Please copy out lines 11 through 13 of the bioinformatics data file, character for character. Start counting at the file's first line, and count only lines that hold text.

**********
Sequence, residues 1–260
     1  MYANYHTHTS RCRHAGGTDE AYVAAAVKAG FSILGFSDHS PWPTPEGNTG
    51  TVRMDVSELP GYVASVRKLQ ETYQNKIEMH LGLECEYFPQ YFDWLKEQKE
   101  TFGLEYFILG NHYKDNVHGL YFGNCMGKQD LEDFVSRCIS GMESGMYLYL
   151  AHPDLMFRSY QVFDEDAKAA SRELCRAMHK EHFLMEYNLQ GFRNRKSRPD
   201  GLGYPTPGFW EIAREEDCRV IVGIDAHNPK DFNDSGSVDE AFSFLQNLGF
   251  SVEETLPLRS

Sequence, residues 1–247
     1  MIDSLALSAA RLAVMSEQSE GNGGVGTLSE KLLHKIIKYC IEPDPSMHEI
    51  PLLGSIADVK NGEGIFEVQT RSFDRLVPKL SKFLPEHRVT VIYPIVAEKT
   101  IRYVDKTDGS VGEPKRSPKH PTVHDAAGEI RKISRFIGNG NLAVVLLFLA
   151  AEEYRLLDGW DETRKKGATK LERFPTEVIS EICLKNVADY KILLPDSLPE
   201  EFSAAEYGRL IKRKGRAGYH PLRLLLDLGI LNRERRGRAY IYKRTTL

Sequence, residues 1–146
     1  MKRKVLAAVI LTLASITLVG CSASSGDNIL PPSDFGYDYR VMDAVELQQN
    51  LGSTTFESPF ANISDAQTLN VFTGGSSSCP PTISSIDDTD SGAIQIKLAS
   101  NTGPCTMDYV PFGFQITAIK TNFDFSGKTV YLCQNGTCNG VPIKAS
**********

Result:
   101  IRYVDKTDGS VGEPKRSPKH PTVHDAAGEI RKISRFIGNG NLAVVLLFLA
   151  AEEYRLLDGW DETRKKGATK LERFPTEVIS EICLKNVADY KILLPDSLPE
   201  EFSAAEYGRL IKRKGRAGYH PLRLLLDLGI LNRERRGRAY IYKRTTL